Celebrate World Wildlife day with these 5 animals

Celebrate World Wildlife day with these 5 animals

If your students are like mine, they love to talk about animals. Whether it’s their own pets or which wild animal they think would win in a fight, animals are always a popular topic. On March 3, it’s World Wildlife Day – the perfect chance to learn about some new animals that you may not be familiar with. I have a set of short readings about these animals in French that you can share with your students – they are written at a level to bridge the gap between novice-high and intermediate-mid. There are 10 different animals in the reading package – and I’m introducing five of them here, just in case you’re not familiar with them.

World Wildlife Day is a great opportunity to learn about the amazing diversity of animals that exist on our planet. From the maned wolf to the fossa, the manatee, the Komodo dragon and the platypus, these creatures are all fascinating in their own way. Let’s take a look at each one and learn more about why they’re so interesting!

Wildlife #1: The Maned Wolf

Native to South America, the maned wolf is an unusual creature with a fox-like face, long orange-brown fur, and a black mane down its back. It has incredibly long legs compared to its body size, which allow it to reach speeds up to 45 miles per hour (72 km/h) when running after prey. This unique animal also has an odd diet that includes fruit as well as small mammals such as rabbits and foxes!

Wildlife #2: The Fossa

This cat-like mammal is native to Madagascar and is actually related to cats, mongooses, and hyenas! The fossa is an excellent hunter who can climb trees and swim like a pro. It’s also nocturnal which means it spends most of its day sleeping in hollow trees or rocky crevices before emerging at night to hunt for food. Its diet consists mainly of birds, rodents, lizards, frogs, insects and even snakes!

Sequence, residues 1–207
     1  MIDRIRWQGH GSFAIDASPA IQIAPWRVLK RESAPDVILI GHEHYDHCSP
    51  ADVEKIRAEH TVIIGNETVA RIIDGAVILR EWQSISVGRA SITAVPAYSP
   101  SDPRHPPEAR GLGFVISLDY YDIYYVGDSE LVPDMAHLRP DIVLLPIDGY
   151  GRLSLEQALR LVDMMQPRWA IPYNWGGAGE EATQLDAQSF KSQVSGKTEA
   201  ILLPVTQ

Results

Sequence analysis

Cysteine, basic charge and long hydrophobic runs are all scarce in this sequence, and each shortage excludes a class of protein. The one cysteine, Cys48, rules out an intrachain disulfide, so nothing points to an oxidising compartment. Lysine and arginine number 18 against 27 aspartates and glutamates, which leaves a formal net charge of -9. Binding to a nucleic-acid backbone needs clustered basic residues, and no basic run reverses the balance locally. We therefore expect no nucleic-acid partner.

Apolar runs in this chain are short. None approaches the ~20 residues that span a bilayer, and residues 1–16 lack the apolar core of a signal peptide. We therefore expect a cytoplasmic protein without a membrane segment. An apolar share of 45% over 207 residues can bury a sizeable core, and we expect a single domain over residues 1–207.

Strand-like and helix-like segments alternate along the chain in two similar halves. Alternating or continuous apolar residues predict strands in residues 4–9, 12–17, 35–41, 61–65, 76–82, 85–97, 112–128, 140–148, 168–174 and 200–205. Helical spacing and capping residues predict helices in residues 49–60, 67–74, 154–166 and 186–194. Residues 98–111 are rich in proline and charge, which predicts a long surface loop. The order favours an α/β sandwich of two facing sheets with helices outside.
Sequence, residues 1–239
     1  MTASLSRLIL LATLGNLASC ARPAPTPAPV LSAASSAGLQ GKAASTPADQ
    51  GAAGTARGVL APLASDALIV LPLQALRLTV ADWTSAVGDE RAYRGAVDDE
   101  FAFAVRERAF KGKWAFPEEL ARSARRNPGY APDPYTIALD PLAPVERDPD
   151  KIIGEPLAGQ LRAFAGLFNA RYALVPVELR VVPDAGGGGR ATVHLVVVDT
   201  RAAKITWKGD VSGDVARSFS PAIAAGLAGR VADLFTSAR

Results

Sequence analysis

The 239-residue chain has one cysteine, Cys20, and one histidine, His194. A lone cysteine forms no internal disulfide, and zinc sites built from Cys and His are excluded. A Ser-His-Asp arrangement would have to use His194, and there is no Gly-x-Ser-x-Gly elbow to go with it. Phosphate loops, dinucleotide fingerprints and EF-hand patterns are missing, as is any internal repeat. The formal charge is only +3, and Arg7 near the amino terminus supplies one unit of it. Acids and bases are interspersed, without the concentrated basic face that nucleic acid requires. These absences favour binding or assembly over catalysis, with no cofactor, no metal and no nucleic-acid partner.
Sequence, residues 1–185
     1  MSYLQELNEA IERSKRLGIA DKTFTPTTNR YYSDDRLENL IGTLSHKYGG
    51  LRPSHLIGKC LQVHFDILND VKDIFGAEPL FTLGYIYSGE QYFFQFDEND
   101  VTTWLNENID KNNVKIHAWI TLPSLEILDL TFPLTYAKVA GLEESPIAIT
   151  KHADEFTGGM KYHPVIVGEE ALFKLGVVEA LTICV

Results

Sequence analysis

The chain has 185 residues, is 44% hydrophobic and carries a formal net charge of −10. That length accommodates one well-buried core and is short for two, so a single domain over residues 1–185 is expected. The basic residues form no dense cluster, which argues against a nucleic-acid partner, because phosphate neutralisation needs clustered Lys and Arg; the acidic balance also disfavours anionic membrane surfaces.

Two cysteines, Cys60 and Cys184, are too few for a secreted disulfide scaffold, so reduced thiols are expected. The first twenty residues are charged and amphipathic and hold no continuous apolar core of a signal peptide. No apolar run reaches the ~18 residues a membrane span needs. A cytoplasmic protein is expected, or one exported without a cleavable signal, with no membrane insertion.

Wildlife #3: The Manatee

Manatees are large aquatic mammals with paddle-shaped tails that live in shallow waters near shorelines throughout tropical regions. They’re slow swimmers but can reach speeds up to 20mph (32 km/h). They feed mainly on sea grasses but will also eat algae and other aquatic plants. Despite their size—they can weigh up to 1 ton—these gentle giants have very few natural predators due to their thick skin which provides protection from sharks and other predators.

Wildlife #4: The Komodo Dragon

The Komodo dragon is one of the largest living species of lizard in the world and can grow up to 10 feet (3 meters) in length! These apex predators are incredibly powerful hunters who have been known to take down prey as large as water buffalo using their sharp claws and teeth. They have an incredible sense of smell that allows them detect carrion from more than 4 miles (6 km) away!

Wildlife #5: The Duckbill Platypus

This strange mammal lives in eastern Australia where it spends much of its time burrowing in rivers or streams looking for food such worms or insects. It has webbed feet like an otter which help it swim underwater with ease while hunting for food. One of the most unique features of this animal is its bill; it looks like a duck’s bill but is actually covered sensitive nerve endings that allow it detect electrical signals given off by prey animals like worms or shrimp!

World Wildlife Day offers us a perfect opportunity to reflect on how amazing our planet’s wildlife really is. If you’d like to share these animals with your students, check out the Short French reading passages – Les animaux in the Frenchified store. It includes the five animals above plus five more – the polar bear, serval, tanuki, electric eel, and hyrax.

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